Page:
NEW DELHI: Panic-stricken stock markets across the world plunged into bear territory on Thursday after the World Health Organisation (WHO) officially declared the Covid-19 outbreak a pandemic. US President Donald Trump’s decision to impose a 30-day ban on travel from Europe only fanned rising fears over a global recession as countries begin imposing stringent restrictions on movement to contain the spread.
The day saw both the BSE Sensex and NSE Nifty suffer the largest absolute single-day decline in their history, breaking a record set just three days earlier. The Sensex closed the day down by a whopping 2,919.26 points (-8.18%) to end at 32,778.14 points and the Nifty slumped 8.3 per cent to close at 9,590.15 points, the lowest in two-and-a-half years. By the time the closing bell had rung, over Rs 11.27 lakh crore in investor wealth had been wiped out.
The sell-off in stocks spanned the industrial spectrum, with SBI (-13.23%), ONGC (-12.63%), Axis Bank (-12.27%), ITC (-11.07%) and Bajaj Auto (-9.79%) being the most impacted.
In the United States, lower circuit breakers were triggered, halting trade on both Wednesday and early Thursday as premier indices like the Dow Jones tanked. Eastern and European stock indices also saw a bloodbath, with London’s FTSE diving more than 9 per cent.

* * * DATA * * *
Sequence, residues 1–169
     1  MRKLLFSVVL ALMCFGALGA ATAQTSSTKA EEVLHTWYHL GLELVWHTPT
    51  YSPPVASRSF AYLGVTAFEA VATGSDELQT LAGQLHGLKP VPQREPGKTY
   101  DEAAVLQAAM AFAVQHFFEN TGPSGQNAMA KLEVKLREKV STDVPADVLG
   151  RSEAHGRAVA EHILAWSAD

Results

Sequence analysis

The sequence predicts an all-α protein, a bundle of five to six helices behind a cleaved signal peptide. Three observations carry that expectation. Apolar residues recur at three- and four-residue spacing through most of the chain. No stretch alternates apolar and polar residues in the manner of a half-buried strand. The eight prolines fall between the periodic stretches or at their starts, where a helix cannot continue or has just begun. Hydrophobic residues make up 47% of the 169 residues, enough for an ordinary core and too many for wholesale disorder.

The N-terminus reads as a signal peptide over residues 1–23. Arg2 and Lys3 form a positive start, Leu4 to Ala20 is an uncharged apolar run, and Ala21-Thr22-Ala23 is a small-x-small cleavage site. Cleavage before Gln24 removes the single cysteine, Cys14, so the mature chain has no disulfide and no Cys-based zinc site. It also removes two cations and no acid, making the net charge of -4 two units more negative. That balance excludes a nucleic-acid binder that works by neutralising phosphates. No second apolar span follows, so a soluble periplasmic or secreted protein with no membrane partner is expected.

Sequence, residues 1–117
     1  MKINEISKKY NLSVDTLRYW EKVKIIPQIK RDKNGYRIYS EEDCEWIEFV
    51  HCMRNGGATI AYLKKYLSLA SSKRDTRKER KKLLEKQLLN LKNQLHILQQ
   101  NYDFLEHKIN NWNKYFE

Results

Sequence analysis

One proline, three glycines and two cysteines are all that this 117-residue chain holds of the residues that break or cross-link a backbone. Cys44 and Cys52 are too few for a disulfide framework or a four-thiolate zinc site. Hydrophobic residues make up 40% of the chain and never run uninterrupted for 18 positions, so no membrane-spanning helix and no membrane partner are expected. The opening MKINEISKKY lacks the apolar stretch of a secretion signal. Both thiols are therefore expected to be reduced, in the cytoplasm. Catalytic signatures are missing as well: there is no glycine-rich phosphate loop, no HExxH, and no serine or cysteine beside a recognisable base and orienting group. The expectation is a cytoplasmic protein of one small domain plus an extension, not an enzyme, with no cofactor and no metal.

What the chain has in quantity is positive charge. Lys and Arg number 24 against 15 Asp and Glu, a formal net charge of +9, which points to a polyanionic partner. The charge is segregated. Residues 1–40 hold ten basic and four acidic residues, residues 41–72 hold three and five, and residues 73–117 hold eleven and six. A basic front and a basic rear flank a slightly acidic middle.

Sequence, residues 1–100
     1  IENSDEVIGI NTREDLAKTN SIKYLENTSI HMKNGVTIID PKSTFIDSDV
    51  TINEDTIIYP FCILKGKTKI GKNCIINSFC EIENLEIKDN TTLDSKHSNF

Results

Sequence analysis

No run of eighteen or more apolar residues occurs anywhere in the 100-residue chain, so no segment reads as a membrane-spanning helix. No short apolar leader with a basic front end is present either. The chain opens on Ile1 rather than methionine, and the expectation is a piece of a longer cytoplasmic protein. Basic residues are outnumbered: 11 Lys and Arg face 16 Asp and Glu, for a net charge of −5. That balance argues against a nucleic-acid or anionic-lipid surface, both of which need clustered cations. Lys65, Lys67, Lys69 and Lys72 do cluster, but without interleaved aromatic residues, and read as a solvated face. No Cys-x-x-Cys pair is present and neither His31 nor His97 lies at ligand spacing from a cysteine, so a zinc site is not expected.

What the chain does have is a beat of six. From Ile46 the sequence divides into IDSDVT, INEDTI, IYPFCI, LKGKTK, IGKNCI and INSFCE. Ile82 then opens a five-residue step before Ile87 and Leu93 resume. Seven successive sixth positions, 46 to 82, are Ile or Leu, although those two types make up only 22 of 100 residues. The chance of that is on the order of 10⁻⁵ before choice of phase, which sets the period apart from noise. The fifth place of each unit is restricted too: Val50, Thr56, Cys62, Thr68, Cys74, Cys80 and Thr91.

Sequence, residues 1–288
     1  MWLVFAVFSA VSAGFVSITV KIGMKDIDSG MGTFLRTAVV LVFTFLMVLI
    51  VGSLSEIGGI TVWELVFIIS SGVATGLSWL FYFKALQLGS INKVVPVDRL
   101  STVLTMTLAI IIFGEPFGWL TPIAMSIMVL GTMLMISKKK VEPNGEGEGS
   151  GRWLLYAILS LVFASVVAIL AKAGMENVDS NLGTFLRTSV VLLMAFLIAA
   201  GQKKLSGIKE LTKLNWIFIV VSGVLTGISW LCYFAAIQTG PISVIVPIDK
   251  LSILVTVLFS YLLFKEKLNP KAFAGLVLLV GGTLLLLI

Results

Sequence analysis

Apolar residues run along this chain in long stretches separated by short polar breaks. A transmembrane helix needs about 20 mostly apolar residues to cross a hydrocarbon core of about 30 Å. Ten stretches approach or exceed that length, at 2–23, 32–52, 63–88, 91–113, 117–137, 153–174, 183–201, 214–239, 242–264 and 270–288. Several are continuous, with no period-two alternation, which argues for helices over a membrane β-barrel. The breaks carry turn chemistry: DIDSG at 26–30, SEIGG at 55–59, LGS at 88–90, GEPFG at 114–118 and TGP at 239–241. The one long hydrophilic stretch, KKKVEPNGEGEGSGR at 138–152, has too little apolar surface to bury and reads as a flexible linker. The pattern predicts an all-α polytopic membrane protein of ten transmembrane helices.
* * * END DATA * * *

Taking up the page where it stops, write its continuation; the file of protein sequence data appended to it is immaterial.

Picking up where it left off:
The sell-off also took a chunk out of the rupee which lost 49 paise to close at 74.17 per US dollar, while crude oil rates resumed their helter-skelter dive falling over 7 per cent in value as of 8 pm IST to trade at $33.23 per barrel.
This is the first time since 2015 that Indian stock exchanges have entered a bear market phase, generally defined as one where the market has lost over 20 per cent of its value from a recent high. After Thursday’s carnage, the Sensex has lost 22.5 per cent of its value from a lifetime peak of 42,273.87 achieved on January 20 this year, while the Nifty has declined by 22.84 per cent.
The current plunge into a bear market is also much steeper than the one in 2015, when the markets fell 25 per cent between March 2015 and February 2016. But it's not as large as the one following the global financial crisis in 2010, when Indian bourses had lost 28 per cent of their value before bottoming out.
Meanwhile, analysts warn that since the coronavirus pandemic is an ongoing crisis, it is unclear whether the markets have bottomed out. Some, like Deepak Jasani - Head Retail Research, HDFC Securities, note that markets are still not factoring in the risk adequately. “Recession risk is rising and the markets do not seem to be pricing that in fully. January was the third month in a row that the three-month measure of UK GDP showed zero growth, the weakest such run since the middle of 2009. In (Jan-Mar 2020), on an annualised basis, global growth could be deeply negative (-1%),” he warned.
The worst hit sectoral indices were BSE Oil & Gas (-9.82%), Realty (-9.5%), Metals (-9.39%), Bankex (-9.38%) and Finance (-8.98%).